Thursday, June 4, 2009


Screen Printer and scholar Lincoln Cushing recently posted a fascinating article on the influence of screen printing on social movements on the AIGA website.

Screen printing—or serigraphy, as it’s called in finer art circles—has been a standard commercial process for more than a century. As a reproduction technique, it has many wonderful qualities. It requires very little in terms of equipment, and even that can be easily made by hand; it is easy to teach and to learn; and it’s very well suited to very short runs of large format objects. It seems like an obvious choice when looking for ways to create prints for the public. Yet there have been at least two periods in history when screen printing was “discovered” by artists—the first was in the United States during the mid-1930s, under the Federal Arts Project of the Works Progress Administration, and the second time during the 1960s.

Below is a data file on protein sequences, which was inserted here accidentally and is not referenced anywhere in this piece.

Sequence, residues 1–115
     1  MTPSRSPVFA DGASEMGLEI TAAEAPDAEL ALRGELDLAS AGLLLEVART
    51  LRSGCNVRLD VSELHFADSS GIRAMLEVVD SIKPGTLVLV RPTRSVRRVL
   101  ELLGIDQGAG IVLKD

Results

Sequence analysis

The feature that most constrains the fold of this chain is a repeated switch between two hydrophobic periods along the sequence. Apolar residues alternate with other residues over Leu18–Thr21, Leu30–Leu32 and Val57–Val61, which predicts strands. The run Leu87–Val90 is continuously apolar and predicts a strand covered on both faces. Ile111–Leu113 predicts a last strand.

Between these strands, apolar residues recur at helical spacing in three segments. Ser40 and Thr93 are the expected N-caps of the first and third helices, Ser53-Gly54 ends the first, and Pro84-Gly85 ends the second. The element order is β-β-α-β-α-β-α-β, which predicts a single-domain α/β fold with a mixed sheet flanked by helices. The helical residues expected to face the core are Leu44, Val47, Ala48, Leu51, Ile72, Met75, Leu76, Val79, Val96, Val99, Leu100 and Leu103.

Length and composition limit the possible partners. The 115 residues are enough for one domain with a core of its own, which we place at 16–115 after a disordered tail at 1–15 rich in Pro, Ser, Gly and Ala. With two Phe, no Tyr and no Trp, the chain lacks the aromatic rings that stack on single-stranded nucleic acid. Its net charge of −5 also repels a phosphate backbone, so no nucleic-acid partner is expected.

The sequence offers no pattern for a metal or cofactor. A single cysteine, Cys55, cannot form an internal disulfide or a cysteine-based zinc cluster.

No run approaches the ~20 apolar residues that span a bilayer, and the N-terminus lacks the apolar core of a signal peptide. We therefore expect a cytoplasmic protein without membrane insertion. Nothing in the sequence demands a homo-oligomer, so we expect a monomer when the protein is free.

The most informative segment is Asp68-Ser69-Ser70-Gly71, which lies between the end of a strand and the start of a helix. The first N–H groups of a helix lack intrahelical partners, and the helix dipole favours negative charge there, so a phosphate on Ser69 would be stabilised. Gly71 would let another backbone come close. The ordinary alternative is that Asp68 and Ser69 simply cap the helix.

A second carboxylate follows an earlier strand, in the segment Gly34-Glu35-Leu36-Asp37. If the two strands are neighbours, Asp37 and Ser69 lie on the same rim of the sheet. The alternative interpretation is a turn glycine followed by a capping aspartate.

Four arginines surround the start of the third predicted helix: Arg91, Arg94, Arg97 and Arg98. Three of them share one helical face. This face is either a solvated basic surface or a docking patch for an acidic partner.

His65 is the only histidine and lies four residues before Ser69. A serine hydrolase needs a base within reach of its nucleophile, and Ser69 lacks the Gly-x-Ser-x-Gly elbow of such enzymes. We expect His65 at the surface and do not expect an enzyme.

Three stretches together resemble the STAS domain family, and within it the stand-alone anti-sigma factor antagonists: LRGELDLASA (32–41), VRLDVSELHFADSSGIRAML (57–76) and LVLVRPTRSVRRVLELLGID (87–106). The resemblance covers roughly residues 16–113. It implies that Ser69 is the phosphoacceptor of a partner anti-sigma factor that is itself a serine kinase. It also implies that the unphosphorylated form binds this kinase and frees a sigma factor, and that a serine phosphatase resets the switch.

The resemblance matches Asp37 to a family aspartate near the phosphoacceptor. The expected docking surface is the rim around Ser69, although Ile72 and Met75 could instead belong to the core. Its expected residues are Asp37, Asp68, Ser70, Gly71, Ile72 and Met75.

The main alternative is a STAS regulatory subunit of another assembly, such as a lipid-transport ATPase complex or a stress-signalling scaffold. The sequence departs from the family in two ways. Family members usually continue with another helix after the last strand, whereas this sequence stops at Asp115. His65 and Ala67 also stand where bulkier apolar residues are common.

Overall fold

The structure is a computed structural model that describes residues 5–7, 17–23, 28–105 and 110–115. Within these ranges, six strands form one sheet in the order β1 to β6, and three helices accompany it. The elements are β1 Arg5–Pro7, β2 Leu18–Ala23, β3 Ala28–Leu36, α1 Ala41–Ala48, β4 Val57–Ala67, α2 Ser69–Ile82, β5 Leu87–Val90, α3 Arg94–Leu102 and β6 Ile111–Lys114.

Read the rest of the article here.

By the way, if you've never seen it, the prints & photographs division of the Library of Congress has a huge archive of silkscreened posters from the WPA. More than 900 Works Projects Administration posters on this site, including large versions available for download. Check it out.

No comments: